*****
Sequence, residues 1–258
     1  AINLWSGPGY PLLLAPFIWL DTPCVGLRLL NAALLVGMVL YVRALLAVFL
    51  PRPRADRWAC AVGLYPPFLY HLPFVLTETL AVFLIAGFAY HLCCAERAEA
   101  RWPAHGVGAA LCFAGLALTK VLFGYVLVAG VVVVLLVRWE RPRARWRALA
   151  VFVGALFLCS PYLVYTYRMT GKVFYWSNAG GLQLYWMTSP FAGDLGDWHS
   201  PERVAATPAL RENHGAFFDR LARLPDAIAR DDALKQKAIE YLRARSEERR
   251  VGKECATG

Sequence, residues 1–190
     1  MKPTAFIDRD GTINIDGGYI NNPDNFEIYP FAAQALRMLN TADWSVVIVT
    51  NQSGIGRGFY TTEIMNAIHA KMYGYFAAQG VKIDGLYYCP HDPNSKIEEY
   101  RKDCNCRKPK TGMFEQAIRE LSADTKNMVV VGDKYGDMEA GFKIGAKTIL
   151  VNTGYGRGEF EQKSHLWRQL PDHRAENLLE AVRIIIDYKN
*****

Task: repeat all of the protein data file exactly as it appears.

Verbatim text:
Sequence, residues 1–258
     1  AINLWSGPGY PLLLAPFIWL DTPCVGLRLL NAALLVGMVL YVRALLAVFL
    51  PRPRADRWAC AVGLYPPFLY HLPFVLTETL AVFLIAGFAY HLCCAERAEA
   101  RWPAHGVGAA LCFAGLALTK VLFGYVLVAG VVVVLLVRWE RPRARWRALA
   151  VFVGALFLCS PYLVYTYRMT GKVFYWSNAG GLQLYWMTSP FAGDLGDWHS
   201  PERVAATPAL RENHGAFFDR LARLPDAIAR DDALKQKAIE YLRARSEERR
   251  VGKECATG

Sequence, residues 1–190
     1  MKPTAFIDRD GTINIDGGYI NNPDNFEIYP FAAQALRMLN TADWSVVIVT
    51  NQSGIGRGFY TTEIMNAIHA KMYGYFAAQG VKIDGLYYCP HDPNSKIEEY
   101  RKDCNCRKPK TGMFEQAIRE LSADTKNMVV VGDKYGDMEA GFKIGAKTIL
   151  VNTGYGRGEF EQKSHLWRQL PDHRAENLLE AVRIIIDYKN